It is time to dredge up that old quote from a former British prime minister Harold Wilson: A week is a long time in politics.
Last Monday, the UK chancellor George Osborne was applying the final touches to his latest budget, his eighth.
Not bad for a man of 44 years of age, he must have been thinking.
By the end of the week, we had a resignation from the cabinet of the welfare secretary and former party leader, Iain Duncan Smith.
Many commentators suggested that Mr Osborne was mortally wounded politically following what amounted to a full frontal attack by a prominent colleague.
The Daily Mail was reporting that the country’s prime minister had directed some earthy language at Duncan Smith during a testy resignation phone call.
The Tories were back at war with each other, echoes of the 1990s, all over again.
Could the fortunes of Labour leader Jeremy Corbyn have just taken a dramatic turn for the better?
Last Monday, the man in charge of the finances of our larger neighbour would have had plenty on his mind, of course.
Britain’s public finances remain in a fragile position.
Then there is the looming referendum and the threat of a British exit from the EU.
Fears about Brexit have been causing businesses to put investment and hiring plans on hold — not good for a man trying to balance the books.
There would be bad news to break.
Cuts in supports to the disabled and an extra year of austerity-driven cuts, to name just two.
But goodies would be on offer to the business community — cuts in taxes aimed at boosting entrepreneurial activity and overseas investment.
There would also be a tax on sugary drinks that would capture most of the headlines.
On Wednesday, the chancellor would have given our own IDA food for thought with his announcement of a cut to 17% in corporation tax.
No doubt about it. The UK is eying some of our foreign investment pie.
With the likes of Google ramping up their London operations and committing to pay a greater share in taxes to the UK Treasury, the Irish Government, caretaker or coalition, has reason to look nervously over its shoulder.
Mr Osborne has remained an admirer of Ireland’s strategy for attracting foreign direct investment.
This country now attracts more US investment than any other European country bar the Netherlands.
Ireland is only famous for its accommodating tax system.
Imitation is the greatest form of flattery.
The Government, here, must be concerned at the growing gap in the tax treatment of the higher paid, skilled workers, particularly single people between Ireland and the UK.
Over there, the higher 40% rate of tax only becomes payable from next April on that portion of salary in excess of £45,000.
Mr Osborne has been steadily raising the salary level at which the top rate kicks in, in part, because he seeks to appeal to his own voters, in part because he recognises that Britain’s ability to soak up skills has helped transform London into, arguably, a leading global city.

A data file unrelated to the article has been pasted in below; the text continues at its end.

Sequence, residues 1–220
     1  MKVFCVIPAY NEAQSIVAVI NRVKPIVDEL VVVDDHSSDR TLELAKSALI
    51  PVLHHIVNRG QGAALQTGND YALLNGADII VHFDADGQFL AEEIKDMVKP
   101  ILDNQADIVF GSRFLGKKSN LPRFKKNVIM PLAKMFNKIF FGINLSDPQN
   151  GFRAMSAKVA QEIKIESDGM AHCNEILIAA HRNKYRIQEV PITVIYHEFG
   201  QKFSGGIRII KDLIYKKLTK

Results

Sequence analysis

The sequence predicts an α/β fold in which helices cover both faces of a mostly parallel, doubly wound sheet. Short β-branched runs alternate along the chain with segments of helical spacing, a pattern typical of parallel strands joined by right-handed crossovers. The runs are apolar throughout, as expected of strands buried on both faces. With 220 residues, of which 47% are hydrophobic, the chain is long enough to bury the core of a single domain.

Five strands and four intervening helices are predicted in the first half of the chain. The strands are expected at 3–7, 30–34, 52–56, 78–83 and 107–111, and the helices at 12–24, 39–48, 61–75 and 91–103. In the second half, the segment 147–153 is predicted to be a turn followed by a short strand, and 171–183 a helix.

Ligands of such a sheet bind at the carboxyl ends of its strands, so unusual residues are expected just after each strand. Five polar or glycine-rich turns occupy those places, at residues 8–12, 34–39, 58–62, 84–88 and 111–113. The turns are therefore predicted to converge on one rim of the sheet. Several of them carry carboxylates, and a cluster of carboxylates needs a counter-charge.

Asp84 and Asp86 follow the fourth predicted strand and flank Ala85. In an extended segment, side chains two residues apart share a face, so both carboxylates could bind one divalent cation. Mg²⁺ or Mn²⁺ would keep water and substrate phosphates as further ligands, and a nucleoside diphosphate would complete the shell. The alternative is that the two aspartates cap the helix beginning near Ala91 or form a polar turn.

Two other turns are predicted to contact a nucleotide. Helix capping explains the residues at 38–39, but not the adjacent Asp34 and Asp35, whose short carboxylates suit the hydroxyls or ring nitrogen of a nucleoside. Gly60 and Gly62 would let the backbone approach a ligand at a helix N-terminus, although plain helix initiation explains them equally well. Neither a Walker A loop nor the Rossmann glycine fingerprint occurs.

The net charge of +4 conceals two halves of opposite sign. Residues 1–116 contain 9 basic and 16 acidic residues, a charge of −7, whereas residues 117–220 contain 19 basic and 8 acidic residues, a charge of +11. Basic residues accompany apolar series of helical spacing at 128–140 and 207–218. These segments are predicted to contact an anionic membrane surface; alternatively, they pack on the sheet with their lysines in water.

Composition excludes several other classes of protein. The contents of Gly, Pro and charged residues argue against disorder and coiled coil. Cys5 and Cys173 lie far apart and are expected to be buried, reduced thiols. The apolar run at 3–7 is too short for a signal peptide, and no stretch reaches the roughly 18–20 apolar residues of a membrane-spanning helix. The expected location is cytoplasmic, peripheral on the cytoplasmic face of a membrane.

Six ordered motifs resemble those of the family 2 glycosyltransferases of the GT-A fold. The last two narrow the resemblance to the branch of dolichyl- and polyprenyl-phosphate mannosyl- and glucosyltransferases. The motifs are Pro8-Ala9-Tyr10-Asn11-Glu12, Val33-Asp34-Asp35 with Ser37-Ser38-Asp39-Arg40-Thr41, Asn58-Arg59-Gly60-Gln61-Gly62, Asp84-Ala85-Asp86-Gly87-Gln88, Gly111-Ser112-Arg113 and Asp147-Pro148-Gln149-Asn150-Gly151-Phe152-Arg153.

This time round, he also moved to cut the main capital gains tax rate from 28% to 20% as part of a strategy to woo entrepreneurs.
The rate is due to drop to 18% by 2020 under his plan.
Attract in the job creators and you create the jobs.
He also moved to boost the commercial rates threshold as part of an effort to assist smaller firms.
Ireland, saddled with legacy debts, is left panting in this race for talent.
Outgoing Finance Minister Michael Noonan did throw some support the way of higher earners.
The rate of universal charge has been cut and the threshold above which the higher effective tax rate applies has been raised.
The marginal rate has been reduced to a maximum of 49.5% in the case of incomes under €70,000 or so.
Factor in our soaring housing costs and you begin to realise why so many of our younger skilled workers might be making travel plans.
What is clear is that Mr Osborne has not made life easier for our policy makers, but his centre-right strategy has bred its own set of problems in Westminster, leading to a prospect of a revolt among some younger Tory backbenchers.
That’s the group which helped to kill off plans last year to cut benefit payments to the lower paid.
Mr Osborne has been, in many ways, a skilled operator.
His freeing up of the pensions market and unexpected launch of the living wage, effectively a large hike in the minimum wage, disarmed many critics.
His promotion of an investment strategy aimed at boosting the North of England is not before time, coming from a politician with a parliamentary seat close to Manchester.
But he also attracted due criticism for continuing with freebies such as free transport and fuel allowances for wealthy elderly people, Tory supporters, many of them, while imposing welfare cuts on the vulnerable young and on those reliant on rent support.
On Friday, Duncan Smith tendered his resignation, flashing his blade in the darkened corridors of power.
Some claim that his real mission was to up end the prime minister’s ‘Remain in the EU’ plank in the June referendum.
If he succeeds in this aim, then Britain is on its way out of the EU and the Tory party is headed for a period of internal civil war.
The Tories leave the Labour people in the shade when it comes to infighting and back stabbing.
The knives really are out this time, in this latest real life episode of House of Cards.
The outcome is of more than passing significance for those of us, on this side of the Irish Sea.